If you watched my Facebook Live last night, we did one here through Wurth’s Facebook Live account, we were talking about the Paris Climate Agreement. That kind of stuff — I can’t find in-depth reporting about that stuff in most newspapers, so I’ll find somebody who’s an expert on the field and they’ll have an entire thread of, “Here’s what’s good, here’s what’s bad” — and of course they have their own biases in there — but I love reading those and I’ve fallen in those Twitter holes a lot.

The other side of that is people wanting to interact with you in your replies. Typically, how many of your replies do you read? Do you try and go through all of them, and what kind of interaction do you have with your fans?

One of the things I would say is any of the times where you want to see a reply, you can’t, which is a real bummer. Like when you won a race, you’re like, “Man, I really want to see what people are saying,” and people are saying nice things to you and you want to read it… I’m not able to do it because it doesn’t load them all. It only loads 30 or 40 of them, which is super frustrating because you missed out on all of that and I always feel bad about it. It’s such a bummer. So I would say first off, I would want to say thank you those people who write the stuff even though I don’t always get to see it.

(Editor’s note: Keselowski is referring to the standard Twitter app, which only loads up selected tweets and replies. Personally, I recommend using Tweetbot to avoid this problem).

And then most times, it’s the exact opposite — the times you can see the replies are when you really don’t want to, like if it’s a slow news week or something bad has happened and you’re like, “Argh, I don’t want to read this.” But for the most part, I try to read every one of them when I can, even when it’s bad.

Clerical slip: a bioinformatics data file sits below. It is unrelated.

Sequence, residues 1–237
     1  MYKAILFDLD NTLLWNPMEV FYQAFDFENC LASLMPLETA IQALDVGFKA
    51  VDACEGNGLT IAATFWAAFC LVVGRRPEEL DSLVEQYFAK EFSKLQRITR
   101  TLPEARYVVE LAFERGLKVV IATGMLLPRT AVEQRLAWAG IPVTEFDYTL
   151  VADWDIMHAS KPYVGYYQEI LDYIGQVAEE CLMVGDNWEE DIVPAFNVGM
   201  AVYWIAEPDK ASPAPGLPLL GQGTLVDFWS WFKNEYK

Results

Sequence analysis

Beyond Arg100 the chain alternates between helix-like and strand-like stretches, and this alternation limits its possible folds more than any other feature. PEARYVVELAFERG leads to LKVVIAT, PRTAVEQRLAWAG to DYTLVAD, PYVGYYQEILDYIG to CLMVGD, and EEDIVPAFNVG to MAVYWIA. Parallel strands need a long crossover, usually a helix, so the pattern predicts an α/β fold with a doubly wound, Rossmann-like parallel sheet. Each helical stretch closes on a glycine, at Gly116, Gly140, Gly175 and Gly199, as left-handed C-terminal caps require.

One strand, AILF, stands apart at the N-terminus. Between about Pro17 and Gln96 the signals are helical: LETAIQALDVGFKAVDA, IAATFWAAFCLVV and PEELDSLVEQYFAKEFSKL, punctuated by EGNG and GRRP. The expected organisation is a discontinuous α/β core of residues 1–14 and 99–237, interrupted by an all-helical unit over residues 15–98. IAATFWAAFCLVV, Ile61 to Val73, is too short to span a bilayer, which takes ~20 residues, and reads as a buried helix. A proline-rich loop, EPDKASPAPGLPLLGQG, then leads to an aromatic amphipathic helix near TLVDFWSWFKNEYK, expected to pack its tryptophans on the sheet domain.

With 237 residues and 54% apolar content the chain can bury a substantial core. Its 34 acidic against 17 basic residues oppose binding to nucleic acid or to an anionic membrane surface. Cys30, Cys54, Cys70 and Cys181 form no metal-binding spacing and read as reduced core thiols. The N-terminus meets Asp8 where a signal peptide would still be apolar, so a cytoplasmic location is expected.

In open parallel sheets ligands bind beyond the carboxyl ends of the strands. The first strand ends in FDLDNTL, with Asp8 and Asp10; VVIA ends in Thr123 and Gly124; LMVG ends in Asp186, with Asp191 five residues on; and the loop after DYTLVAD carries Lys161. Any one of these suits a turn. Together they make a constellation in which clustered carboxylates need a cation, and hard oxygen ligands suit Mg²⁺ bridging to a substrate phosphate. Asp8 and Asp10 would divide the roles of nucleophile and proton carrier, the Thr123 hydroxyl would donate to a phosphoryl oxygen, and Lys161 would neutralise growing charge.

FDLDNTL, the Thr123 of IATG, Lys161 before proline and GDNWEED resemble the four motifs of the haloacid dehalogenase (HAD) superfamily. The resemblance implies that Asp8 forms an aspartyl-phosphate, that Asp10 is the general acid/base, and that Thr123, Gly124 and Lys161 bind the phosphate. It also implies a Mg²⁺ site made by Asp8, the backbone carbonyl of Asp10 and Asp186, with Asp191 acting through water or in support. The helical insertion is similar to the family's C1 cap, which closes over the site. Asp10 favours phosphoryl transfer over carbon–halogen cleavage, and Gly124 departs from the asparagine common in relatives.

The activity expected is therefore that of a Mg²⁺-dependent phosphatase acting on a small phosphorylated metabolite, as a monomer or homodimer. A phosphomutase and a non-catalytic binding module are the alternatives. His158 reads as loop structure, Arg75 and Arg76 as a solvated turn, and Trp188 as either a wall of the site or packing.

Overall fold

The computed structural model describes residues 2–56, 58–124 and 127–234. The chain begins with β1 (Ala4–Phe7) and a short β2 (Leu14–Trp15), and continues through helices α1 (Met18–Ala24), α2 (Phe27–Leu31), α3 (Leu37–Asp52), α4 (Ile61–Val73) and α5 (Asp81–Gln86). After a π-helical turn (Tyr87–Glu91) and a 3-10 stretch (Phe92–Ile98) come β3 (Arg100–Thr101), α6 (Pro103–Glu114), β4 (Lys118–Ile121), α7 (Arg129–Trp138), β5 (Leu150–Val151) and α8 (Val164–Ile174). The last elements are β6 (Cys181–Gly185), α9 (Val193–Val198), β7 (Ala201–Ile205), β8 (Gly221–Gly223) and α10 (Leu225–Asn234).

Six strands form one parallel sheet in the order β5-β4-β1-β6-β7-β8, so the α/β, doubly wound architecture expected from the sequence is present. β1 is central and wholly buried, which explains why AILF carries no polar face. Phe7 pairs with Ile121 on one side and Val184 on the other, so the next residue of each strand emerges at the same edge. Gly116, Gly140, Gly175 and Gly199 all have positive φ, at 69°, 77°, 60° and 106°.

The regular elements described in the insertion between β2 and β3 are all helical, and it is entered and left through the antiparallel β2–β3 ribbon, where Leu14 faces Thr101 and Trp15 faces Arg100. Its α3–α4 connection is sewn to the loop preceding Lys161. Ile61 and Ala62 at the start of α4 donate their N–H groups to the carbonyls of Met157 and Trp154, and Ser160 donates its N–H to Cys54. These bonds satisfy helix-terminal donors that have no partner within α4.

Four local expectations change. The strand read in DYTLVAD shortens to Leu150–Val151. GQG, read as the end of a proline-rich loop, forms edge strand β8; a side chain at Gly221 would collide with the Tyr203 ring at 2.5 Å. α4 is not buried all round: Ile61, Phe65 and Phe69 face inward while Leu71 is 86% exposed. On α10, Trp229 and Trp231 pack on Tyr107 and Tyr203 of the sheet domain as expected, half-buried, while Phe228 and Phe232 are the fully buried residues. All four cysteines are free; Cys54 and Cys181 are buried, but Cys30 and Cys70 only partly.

When it comes to dealing with the bad, there’s three ways you could do it: You can ignore, block or mute. Which one do you typically choose?

I used to block. I stopped blocking. I regret that I blocked. If there was a function that showed who you’ve blocked in your life, I wish I could go back and unblock those people.

I think there actually might be. You may want to look into that.

Huh, I didn’t know that. OK. So someone’s gonna have to teach me that.

So I would say, I’m a big believer now, as just a theory in life, in truth and grace. I wrote a blog about it, I spent a lot of time studying it, that’s my new channel. So when it comes to replying, I believe in truth and grace. And if I have truth, I think that it’s worth writing someone, but only if it has grace. And the two are important because one can’t exist without another. Truth dies on a vine without grace, and grace doesn’t exist without truth. It’s really a simple principle, and I try to carry that over in all aspects of my life, including social media.

Any final thoughts on your general theory about social media or something you want people to know that I didn’t ask about?

First off, I’m honored that anyone thinks I’m interesting enough to follow. And I feel like sometimes, I have some stuff that’s worth saying and other times not so much. I get writer’s block, like anyone else, where I’ll feel like I might go a month and not have anything cool to say and then I might have two weeks of this, this, this and this.

So there’s some ups and downs. It’s just the way it’s gonna be. But I appreciate those who follow. I do all my own social media with respect to Twitter. I do have a little bit of help with Facebook, not the Live part, but the posts and so forth. But I try to be authentic, I try to have fun. I’m not perfect at it, but I’m doing the best I can and I appreciate that people follow.